Historically, car-related movies are more hit-and-miss than most genres, and can generally be categorised into one of two camps. In one corner, you’ve got examples that lack the factual fortitude to impress proper car nuts; with the six Fast and Furious movies (to date) as Exhibit A, and Sylvester Stallone’s Driven (Rocky V on wheels) a very firm Exhibit B.
On the other hand, you’ve got movies such as Steve McQueen’s Le Mans or Steven Spielberg’s Duel that lack the narrative to engage a mainstream audience. However, you occasionally get one that impresses on both levels, and Rush is one such film.
With Ron Howard as director and a screenplay by Peter Morgan, this pairing gives Rush the same fundamentals that earned Frost/Nixon five Academy Award nominations in 2008.
Rush is centred around the 1976 Formula 1 One season, when the intense rivalry between F1 legends Niki Lauda (Daniel Brühl) and the late James Hunt (Chris Hemsworth) reached its climax, and Hunt (spoiler alert) ultimately emerged as world champion.
Lauda is the focused, motivated professional, who is destined to conflict with the roguish playboy antics of Hunt -- with whom he shares an immense talent behind the wheel.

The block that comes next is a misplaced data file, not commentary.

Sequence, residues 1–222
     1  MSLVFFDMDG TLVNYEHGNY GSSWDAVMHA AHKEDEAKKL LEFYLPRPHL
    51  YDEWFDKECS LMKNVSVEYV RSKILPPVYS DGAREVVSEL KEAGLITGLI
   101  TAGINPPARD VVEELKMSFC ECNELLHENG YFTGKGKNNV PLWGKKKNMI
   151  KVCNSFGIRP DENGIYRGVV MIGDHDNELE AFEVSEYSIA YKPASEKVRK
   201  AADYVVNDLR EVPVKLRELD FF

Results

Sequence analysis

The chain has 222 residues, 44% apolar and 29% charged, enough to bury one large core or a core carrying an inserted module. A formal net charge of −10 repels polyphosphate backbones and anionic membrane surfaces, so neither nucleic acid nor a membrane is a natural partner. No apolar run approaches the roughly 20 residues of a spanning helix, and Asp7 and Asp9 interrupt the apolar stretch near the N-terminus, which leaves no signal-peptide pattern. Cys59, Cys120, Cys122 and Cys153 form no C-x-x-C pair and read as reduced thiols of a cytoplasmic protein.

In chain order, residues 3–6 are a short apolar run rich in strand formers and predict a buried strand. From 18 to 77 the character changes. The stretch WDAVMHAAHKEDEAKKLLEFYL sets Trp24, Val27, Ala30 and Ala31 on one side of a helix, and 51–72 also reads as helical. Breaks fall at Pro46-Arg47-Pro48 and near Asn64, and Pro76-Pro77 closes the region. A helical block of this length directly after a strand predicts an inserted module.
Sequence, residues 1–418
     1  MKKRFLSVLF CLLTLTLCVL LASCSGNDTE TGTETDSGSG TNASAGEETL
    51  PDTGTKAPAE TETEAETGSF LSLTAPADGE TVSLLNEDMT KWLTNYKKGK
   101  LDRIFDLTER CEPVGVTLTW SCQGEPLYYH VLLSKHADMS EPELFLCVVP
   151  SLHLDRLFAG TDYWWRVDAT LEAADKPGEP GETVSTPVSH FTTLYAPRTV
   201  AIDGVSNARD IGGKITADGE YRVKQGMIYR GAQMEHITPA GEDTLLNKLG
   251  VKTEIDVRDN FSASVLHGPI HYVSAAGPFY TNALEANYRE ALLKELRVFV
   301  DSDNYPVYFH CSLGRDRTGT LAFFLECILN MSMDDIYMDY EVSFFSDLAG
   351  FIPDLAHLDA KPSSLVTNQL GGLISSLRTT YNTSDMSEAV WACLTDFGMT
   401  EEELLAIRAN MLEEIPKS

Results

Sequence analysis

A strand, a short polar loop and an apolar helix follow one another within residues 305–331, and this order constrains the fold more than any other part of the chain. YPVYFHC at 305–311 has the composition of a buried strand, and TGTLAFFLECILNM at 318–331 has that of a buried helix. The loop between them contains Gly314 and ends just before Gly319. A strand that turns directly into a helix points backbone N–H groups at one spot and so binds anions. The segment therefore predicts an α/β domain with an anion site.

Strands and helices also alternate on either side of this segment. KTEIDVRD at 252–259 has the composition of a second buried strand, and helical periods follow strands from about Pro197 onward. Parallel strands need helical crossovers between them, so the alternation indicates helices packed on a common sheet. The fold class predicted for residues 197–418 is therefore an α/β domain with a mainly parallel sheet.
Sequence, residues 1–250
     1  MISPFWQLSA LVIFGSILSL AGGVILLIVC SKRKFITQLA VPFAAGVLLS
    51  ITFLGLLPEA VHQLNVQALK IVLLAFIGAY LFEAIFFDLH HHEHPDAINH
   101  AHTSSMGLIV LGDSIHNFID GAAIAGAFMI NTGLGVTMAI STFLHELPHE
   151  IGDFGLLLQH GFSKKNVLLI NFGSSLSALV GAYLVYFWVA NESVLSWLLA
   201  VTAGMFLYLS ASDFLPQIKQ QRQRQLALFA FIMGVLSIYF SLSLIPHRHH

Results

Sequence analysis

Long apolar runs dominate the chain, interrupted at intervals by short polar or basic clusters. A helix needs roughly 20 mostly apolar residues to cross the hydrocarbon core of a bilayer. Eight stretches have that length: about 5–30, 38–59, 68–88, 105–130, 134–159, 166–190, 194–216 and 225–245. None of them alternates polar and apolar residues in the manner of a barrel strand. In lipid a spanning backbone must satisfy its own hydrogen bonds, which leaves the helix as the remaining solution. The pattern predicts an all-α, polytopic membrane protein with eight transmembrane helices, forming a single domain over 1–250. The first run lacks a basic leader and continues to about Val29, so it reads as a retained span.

We are also shown how the two diametrically-opposed characters first met while competing in Formula Three, and despite graduating to Formula One via similarly opposing channels their on-track rivalry only intensifies.
The racing scenes are very well shot, with excellent attention to detail that serves as a great reminder of the grit of 70s-era Grand Prix racing. Anyone who observed Howard’s constant Twitter updates during the film’s production will understand the level of detail involved in creating Rush, so its relieving to see that it’s been strung together so effectively.
From a non-F1 trainspotter’s perspective, you do catch the occasional glimpse of modern race circuit catch fencing, close-ups of actuating valves that show a combustion chamber devoid of spark-plug, and the Lincoln Town Car Hunt emerges from at the end wasn’t built until 1981, but that’s nit-picking.
Rush’s greatest success is its depiction the fiery near-fatal accident that left Lauda with his now-trademark scarring. The scenes that follow his crash are the most compelling of the film, preparing the audience well for the awe of his return to the track just weeks later. Bruhl’s performance itself is a highlight, and while Hemsworth’s greatest asset is his visual likeness to Hunt, Rush is a far better reflection of his acting talent than his previous work as Thor.
The real-life story of rivalry, sex, danger, and tragedy gave Howard a leg-up in creating Rush, but the film’s tempo and balance between on and off-track narratives should endear it to racing fans and mainstream audiences alike. Rush is destined to join Senna as one of the great car flicks, and opens in Australian cinemas on October 3.
This reporter is on Twitter: @Mal_Flynn